Standing in front of my bookshelves today I randomly picked out a book from the philosophy section called “The Thinking Self”, by Jay Rosenberg. Rosenberg, student of the late great US philosopher Wilfrid Sellars and author of one of the best introductions into the craft of philosophizing (german version), was a Humboldt scholar and guest lecturer at the University of Heidelberg during the one year I’ve studied there. At that time he was working on that very book, “The Thinking Self”. He courageously and generously distributed the manuscript pages to teachers and students alike, and I spent many days trying to understand his Husserlian and Kantian constructions, not quite succeeding but learning a lot along the way.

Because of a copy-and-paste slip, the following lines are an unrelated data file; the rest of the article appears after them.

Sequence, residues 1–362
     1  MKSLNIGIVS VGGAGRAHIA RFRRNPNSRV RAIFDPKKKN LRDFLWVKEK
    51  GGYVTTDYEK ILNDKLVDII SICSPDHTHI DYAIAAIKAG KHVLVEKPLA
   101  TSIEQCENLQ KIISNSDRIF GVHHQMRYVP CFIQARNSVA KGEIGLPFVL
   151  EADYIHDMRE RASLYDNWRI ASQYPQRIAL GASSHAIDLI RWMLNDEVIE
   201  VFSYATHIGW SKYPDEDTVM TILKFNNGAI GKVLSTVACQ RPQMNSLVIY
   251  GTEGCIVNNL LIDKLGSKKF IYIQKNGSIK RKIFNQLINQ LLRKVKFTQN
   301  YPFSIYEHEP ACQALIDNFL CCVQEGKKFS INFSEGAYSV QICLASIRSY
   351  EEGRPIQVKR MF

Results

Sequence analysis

After leafing through the pages of “The Thinking Self” today, I googled Jay for an update on his whereabouts, just to find out that he’s passed away on February 21st, aged 65. For commemoration, let me point you to a book many consider his best. Its title and topic is – “Thinking Clearly About Death”. Like all of Jay’s books, it doesn’t provide for handy quotes. Because, and here I can quote him, “authentic clarity in philosophy […] does not arise from easy accessibility. Authentic clarity comes from penetration. It emerges at the end of inquiry, not at its beginnings, and then only if the problematic which moves the inquiry has been pursued relentlessly through all its obscurities and complexities to the point of laying bare the root posits upon which the whole of an intricate and protracted dialectic ultimately rests.”